V. Burgin, "Une note sur Hôtel D".
Ph. Dubois, "L"événement et la structure. Le montage de temps hétérogènes dans l'oeuvre de Victor Burgin", in N. Boulouch, V. Mavridorakis and D. Perreau, Victor Burgin. Objets temporels (Rennes: Presses universitaires de Rennes, 2007), 77.
V. Burgin, In/Different Spaces, 56.
Id., "Une note sur Hôtel D".
Id., Components of a Practice, 90.
B.H.D. Buchloh and A. Sekula, "Conversation between Allan Sekula and B.H.D. Buchloh" in S. Breitwieser (ed.) Allan Sekula. Performance under Working Conditions. (Vienna: Generali Foundation, 2003), 25.
V. Burgin, Between, 40.
V. Burgin, "Thoughts on "Research" Degrees in Visual Arts Departments", in J. Elkins (ed.) Artists with PhDs. On the New Doctoral Degree in Studio Art (Washington, DC: New Academia Publishing, 2009), 72.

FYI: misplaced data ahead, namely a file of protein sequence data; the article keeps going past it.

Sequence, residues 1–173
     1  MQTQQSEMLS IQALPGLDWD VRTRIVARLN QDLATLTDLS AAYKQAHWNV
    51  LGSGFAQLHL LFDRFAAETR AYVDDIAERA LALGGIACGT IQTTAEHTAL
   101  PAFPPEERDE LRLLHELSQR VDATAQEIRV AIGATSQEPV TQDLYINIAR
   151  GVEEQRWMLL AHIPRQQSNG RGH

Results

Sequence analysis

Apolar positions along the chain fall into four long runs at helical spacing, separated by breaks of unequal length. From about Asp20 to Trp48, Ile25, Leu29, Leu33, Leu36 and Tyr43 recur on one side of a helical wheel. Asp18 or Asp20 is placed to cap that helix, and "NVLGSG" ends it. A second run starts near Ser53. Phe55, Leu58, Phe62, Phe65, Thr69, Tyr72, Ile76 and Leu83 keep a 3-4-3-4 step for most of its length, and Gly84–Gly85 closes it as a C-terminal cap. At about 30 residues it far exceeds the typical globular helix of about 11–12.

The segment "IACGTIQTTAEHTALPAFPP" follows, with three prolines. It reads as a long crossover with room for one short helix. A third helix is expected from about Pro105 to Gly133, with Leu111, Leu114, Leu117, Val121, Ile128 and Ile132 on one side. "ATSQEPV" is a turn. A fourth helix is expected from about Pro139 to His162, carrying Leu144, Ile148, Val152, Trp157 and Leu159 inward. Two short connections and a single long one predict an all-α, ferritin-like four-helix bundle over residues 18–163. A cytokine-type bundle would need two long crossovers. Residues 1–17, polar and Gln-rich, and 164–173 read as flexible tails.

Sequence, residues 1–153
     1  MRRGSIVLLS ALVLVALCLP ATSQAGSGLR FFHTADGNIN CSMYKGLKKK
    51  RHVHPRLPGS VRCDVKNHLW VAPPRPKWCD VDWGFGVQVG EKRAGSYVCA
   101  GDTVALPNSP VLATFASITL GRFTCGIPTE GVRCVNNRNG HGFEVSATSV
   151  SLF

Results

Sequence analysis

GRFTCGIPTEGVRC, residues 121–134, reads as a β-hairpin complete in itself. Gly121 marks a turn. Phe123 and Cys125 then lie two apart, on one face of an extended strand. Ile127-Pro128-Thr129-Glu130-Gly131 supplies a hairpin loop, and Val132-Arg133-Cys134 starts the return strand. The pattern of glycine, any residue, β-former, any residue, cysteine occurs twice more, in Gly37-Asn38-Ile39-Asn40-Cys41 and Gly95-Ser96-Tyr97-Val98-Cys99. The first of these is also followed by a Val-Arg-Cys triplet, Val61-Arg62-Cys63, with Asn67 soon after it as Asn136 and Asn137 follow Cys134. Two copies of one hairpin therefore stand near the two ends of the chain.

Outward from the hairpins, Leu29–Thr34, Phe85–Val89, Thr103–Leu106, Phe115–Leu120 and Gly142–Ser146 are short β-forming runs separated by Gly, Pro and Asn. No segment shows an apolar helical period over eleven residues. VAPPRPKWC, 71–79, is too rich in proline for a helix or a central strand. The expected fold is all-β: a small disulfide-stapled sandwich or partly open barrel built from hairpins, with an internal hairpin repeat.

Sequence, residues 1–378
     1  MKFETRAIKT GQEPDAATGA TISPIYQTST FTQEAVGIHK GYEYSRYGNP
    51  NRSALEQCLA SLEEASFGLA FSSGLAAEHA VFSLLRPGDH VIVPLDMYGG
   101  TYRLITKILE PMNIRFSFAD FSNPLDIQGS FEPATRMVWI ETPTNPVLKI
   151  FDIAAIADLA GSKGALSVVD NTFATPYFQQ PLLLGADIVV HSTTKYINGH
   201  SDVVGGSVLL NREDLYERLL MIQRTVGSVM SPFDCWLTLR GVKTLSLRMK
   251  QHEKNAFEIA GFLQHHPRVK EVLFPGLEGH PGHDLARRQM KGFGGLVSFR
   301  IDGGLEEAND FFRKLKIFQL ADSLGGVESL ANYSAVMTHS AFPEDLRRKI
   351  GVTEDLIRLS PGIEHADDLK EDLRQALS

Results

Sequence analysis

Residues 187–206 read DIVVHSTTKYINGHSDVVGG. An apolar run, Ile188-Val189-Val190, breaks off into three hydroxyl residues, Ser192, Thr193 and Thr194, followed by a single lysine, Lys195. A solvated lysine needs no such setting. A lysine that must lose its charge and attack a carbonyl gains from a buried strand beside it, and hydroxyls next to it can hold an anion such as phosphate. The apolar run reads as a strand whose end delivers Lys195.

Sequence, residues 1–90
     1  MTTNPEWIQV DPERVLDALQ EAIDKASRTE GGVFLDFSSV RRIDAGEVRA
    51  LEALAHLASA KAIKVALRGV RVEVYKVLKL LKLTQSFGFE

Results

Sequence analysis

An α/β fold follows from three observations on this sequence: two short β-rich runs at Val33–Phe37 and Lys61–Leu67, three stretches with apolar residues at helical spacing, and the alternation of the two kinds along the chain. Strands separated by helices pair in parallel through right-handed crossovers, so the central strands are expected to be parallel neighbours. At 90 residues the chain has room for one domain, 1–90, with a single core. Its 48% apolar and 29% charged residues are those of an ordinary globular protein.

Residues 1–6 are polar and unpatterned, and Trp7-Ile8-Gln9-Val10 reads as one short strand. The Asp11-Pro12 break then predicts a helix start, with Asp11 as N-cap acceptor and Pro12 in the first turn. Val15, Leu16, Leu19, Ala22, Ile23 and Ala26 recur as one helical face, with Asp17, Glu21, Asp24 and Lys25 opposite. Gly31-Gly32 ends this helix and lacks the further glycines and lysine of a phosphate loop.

Id., Components of a Practice, 81.
Published 30 July 2010
Original in English
First published by A Prior Magazine 20 (2010)
Contributed by A Prior Magazine © Victor Burgin / Hilde Van Gelder / EurozinePDF/PRINT
Photography and film changed the way we experience the world by capturing traces that would otherwise have been forgotten, assuming they were even noticed in the first place. Kristian Blomberg asks, could film be a metaphor for a rare kind of truth?